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Scott G. Winterton, Deseret News
Firefighters from Unified Fire Authority in Kearns and Magna don hazmat suits at a spill on I-80 Friday.

MAGNA — Hazardous materials crews from the Unified Fire Authority along with officials from the Utah Department of Transportation and Salt Lake Valley Health Department are trying to figure out how a batch of sulfuric acid ended up on the side of a state road Friday.

A little after 8 a.m., fire crews responded to a 911 call of a possible field fire right off the onramp from state Route 202 to I-80 near Saltair.

The first responding crews saw a plume of smoke but immediately recognized it did not look like smoke from a field fire, said UFA spokesman Wade Phillips. They recognized it as a chemical spill and called a hazmat crew.

That crew used binoculars to confirm it was a chemical spill. When sulfuric acid meets water it releases white plumes of smoke, which crews had originally believed to be a field fire.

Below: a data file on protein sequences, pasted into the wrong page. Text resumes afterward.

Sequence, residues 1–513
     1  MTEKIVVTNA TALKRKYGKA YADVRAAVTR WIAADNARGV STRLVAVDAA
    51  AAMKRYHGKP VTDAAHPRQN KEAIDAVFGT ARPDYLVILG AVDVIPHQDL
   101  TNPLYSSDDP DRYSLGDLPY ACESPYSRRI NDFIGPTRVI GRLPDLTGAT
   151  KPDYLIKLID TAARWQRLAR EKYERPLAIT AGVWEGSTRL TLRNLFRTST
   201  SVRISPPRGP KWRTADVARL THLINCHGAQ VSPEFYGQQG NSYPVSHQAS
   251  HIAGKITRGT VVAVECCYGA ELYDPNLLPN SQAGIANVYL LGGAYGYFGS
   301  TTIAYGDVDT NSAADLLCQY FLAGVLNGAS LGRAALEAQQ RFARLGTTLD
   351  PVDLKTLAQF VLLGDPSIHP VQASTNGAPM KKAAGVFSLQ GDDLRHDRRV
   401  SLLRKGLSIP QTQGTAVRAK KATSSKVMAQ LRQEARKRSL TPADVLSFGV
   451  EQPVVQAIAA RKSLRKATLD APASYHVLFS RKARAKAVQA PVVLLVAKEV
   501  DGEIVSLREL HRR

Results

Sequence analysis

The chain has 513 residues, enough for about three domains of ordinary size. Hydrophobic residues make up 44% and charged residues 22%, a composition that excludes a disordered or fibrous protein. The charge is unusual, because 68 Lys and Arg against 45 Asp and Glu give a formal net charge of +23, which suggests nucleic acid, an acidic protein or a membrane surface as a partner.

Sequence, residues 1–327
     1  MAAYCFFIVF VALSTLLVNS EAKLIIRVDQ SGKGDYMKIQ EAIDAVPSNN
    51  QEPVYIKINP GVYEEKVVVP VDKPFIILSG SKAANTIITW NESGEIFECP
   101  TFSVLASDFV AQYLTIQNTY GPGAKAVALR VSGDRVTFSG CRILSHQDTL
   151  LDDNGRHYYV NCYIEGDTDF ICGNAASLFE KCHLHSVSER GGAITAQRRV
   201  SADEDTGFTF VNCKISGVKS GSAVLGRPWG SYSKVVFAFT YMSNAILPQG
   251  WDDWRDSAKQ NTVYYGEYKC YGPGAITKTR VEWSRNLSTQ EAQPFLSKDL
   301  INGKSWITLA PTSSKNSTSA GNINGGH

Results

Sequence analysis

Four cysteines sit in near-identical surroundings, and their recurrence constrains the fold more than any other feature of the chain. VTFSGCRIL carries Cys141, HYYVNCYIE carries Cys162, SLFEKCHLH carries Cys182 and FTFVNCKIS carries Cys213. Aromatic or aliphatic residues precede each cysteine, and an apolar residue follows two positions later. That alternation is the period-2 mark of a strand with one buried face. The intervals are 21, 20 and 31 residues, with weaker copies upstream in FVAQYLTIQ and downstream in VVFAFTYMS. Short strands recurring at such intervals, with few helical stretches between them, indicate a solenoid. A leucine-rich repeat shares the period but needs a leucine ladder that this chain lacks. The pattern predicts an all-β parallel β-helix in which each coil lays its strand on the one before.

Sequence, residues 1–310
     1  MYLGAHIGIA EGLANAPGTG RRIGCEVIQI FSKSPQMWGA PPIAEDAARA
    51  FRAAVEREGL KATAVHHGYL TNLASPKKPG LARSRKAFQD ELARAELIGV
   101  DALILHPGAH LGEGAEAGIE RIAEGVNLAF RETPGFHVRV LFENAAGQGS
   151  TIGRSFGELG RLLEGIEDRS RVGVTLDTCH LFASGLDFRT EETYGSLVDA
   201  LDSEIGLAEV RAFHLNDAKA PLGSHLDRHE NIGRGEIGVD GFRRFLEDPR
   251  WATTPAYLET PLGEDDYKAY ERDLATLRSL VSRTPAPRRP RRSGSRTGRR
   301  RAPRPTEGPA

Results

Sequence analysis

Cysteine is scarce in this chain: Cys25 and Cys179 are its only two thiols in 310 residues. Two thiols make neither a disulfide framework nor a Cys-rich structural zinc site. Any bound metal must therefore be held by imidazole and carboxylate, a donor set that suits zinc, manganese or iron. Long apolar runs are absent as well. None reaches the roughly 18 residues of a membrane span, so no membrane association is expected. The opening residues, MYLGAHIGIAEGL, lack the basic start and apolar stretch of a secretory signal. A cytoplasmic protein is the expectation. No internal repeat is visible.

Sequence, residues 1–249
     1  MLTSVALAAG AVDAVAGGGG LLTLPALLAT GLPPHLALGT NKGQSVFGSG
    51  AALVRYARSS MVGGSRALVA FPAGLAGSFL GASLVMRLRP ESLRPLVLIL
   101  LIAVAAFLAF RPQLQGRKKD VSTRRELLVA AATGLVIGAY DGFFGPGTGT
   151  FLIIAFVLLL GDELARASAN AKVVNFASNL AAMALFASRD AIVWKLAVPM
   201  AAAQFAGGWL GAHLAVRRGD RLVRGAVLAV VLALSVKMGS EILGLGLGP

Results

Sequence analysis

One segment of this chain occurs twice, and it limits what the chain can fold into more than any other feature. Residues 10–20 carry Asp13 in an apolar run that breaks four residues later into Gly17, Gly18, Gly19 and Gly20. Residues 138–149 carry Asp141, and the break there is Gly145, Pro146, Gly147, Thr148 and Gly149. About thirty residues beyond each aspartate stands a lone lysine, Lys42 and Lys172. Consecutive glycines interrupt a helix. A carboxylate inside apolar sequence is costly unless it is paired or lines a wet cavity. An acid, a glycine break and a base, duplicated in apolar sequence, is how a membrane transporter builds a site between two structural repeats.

Hazmat crews conducted a "Level-A" entry to the field about 8:45 a.m., meaning they were getting into encapsulated suits to get a closer look at what might have burned, Phillips said. He said there were some foaming bubbles on the ground.

The spill started on the shoulder of state Route 202 and spread over a 45-foot by 25-foot-wide area, Phillips said. The hazmat crew took soil samples and determined it was sulfuric acid. Yet, crews are still not sure exactly how it got there. There were no barrels on the ground to indicate it dropped off a truck, Phillips said. Investigators were looking at all possibilities from a spill to an illegal dump.

The plume never posed a large threat to motorists, as there was little wind, Phillips said, so the freeway remained open.